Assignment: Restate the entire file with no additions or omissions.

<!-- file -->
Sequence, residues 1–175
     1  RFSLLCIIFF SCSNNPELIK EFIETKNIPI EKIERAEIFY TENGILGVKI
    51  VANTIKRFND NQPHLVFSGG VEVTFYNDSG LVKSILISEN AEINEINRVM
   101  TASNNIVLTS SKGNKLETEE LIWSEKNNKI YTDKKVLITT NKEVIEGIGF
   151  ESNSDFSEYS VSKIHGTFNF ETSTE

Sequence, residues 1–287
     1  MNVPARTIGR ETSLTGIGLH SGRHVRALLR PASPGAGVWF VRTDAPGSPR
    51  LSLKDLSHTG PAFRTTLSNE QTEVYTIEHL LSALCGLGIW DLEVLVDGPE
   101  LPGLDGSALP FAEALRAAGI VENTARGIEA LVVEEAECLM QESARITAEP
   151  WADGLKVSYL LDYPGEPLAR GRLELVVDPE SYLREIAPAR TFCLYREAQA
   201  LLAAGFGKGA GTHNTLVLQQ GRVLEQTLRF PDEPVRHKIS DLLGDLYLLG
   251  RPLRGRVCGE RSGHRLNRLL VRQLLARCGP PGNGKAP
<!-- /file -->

Sequence, residues 1–175
     1  RFSLLCIIFF SCSNNPELIK EFIETKNIPI EKIERAEIFY TENGILGVKI
    51  VANTIKRFND NQPHLVFSGG VEVTFYNDSG LVKSILISEN AEINEINRVM
   101  TASNNIVLTS SKGNKLETEE LIWSEKNNKI YTDKKVLITT NKEVIEGIGF
   151  ESNSDFSEYS VSKIHGTFNF ETSTE

Sequence, residues 1–287
     1  MNVPARTIGR ETSLTGIGLH SGRHVRALLR PASPGAGVWF VRTDAPGSPR
    51  LSLKDLSHTG PAFRTTLSNE QTEVYTIEHL LSALCGLGIW DLEVLVDGPE
   101  LPGLDGSALP FAEALRAAGI VENTARGIEA LVVEEAECLM QESARITAEP
   151  WADGLKVSYL LDYPGEPLAR GRLELVVDPE SYLREIAPAR TFCLYREAQA
   201  LLAAGFGKGA GTHNTLVLQQ GRVLEQTLRF PDEPVRHKIS DLLGDLYLLG
   251  RPLRGRVCGE RSGHRLNRLL VRQLLARCGP PGNGKAP